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How the Twin Tsunamis of COVID-19 and the Digital Revolution are Transforming Business Studies

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‘In a completely rational society, the best of us would be teachers and the rest of us would have to settle for something else. …Lee Iacocca

This book discusses the lived experience of academics and managers who had no choice but to update their digital knowledge and skills and change their teaching methods to accommodate online learning during the pandemic. They conclude that the pandemic tsunami has forced staff and students to adopt more quickly the better system of teaching and learning that the digital tsunami has made possible.

Alan Manly, OAM
Chairman and CEO
Group Colleges Australia

 

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“How the Twin Tsunamis of COVID-19 and the Digital Revolution are Transforming Business Studies.” is always in stock. “Printed On Demand” in Australia by Intertype

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Description

How the Twin Tsunamis of COVID-19 and the Digital Revolution are Transforming Business Studies. Volume 7 in the UBSS Publications series.

If Ray Kurzweil is correct, the world has experienced more technological change in the last decade than in the whole of the 20th century. This is enough, by itself, to be hugely challenging for most individuals and businesses. However, the systemic change referred to by Kurzweil has been compounded by the onset of the first global pandemic in a century.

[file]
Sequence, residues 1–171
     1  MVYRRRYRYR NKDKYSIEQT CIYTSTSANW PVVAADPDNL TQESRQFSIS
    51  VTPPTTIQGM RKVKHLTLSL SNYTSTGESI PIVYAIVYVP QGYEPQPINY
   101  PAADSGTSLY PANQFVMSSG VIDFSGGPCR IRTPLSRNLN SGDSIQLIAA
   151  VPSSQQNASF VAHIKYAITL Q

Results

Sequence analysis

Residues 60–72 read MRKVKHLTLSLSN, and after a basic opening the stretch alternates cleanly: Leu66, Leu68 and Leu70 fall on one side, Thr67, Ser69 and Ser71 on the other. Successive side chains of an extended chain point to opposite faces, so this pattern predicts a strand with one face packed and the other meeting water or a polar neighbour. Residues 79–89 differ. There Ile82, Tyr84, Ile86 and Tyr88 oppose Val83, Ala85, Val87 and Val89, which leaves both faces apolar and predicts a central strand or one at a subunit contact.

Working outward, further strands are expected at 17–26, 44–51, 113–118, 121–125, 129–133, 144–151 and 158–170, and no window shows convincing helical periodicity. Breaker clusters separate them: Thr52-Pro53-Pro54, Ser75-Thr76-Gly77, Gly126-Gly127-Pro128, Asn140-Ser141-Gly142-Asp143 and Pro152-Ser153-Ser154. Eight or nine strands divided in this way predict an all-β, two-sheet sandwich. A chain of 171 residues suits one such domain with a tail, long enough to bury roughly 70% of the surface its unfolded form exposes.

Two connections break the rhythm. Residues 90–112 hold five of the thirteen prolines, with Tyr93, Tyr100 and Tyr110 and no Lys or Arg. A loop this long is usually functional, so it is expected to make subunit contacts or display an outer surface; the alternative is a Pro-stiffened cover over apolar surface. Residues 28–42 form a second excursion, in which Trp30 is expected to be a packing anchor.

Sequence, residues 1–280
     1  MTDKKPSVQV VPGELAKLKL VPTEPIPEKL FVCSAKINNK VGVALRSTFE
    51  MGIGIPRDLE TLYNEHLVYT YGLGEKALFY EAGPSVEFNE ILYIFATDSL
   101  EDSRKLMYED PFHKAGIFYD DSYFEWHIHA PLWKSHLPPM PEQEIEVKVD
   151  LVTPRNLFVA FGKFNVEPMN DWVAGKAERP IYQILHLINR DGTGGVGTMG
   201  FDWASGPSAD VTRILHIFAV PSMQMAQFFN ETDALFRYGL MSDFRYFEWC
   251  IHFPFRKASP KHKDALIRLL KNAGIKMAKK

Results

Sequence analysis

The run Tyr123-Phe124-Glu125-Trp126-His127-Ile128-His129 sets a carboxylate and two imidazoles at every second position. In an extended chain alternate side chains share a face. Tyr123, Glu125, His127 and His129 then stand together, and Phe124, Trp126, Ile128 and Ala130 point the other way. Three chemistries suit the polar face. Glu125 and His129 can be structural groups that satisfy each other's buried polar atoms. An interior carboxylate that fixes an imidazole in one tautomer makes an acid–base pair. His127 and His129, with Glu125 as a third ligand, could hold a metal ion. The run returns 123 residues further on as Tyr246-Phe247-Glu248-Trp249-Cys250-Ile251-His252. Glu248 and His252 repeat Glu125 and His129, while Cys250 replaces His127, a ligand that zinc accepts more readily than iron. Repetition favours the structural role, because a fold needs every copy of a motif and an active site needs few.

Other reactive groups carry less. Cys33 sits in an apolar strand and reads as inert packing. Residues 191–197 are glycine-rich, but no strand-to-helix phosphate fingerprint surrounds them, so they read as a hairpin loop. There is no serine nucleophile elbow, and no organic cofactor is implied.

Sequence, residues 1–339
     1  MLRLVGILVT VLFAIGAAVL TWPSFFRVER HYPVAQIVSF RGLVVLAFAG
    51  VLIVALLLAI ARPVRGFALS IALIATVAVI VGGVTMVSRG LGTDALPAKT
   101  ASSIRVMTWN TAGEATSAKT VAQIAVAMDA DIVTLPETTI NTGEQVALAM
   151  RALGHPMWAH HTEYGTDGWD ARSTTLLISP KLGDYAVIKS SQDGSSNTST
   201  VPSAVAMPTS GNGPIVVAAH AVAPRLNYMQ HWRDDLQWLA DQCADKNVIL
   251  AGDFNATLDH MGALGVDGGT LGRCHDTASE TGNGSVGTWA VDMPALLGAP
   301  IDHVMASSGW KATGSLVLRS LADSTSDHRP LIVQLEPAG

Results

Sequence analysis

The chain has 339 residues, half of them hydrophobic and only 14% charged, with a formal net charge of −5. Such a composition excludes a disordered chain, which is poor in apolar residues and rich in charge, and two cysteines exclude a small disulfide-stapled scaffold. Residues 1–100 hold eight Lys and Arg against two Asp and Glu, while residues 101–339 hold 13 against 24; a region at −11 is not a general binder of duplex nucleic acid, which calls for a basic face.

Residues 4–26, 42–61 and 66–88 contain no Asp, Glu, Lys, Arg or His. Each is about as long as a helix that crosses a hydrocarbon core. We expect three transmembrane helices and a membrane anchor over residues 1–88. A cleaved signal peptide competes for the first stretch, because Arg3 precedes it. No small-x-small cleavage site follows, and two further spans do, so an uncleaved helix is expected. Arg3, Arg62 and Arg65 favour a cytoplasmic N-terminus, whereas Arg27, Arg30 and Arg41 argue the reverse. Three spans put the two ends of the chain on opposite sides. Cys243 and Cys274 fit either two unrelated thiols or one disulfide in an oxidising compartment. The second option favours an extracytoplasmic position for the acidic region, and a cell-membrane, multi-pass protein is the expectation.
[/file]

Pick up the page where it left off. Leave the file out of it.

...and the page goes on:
The pandemic had an especially severe impact on the higher education sector where many institutions were providing education to thousands of students using traditional face-to-face, on-campus delivery. Prior to the pandemic, many decision-makers in the sector had recognised that digital technologies, which replaced industrial technologies as the main driver of economic growth around the end of the 20th century, provided the ability to modify this method of delivery to include a significant online component, delivered and accessible from anywhere. However, the power of inertia as well as the risks involved in being a technology leader encouraged all but a few institutions to put the serious introduction of online learning into the “for the future” basket. Hence, the initial reaction when mandated lockdowns necessitated an immediate and total shift to online delivery was generally one of apprehension and even despair.

However, as indicated in several of the chapters in this book, switching to the new mode of teaching was less challenging than had been feared, especially for institutions like UBSS that had prepared for online delivery and were proactive in providing targeted training for academic staff. Now, with more than two years experience of online learning, many staff and students have a positive appreciation
of its benefits. Nevertheless, not all staff and students are convinced that the new mode of education is an improvement. Time will tell whether the optimists or the pessimists are correct.

“How the Twin Tsunamis of COVID-19 and the Digital Revolution are Transforming Business Studies” is always in stock. “Printed On Demand” in Australia by Intertype

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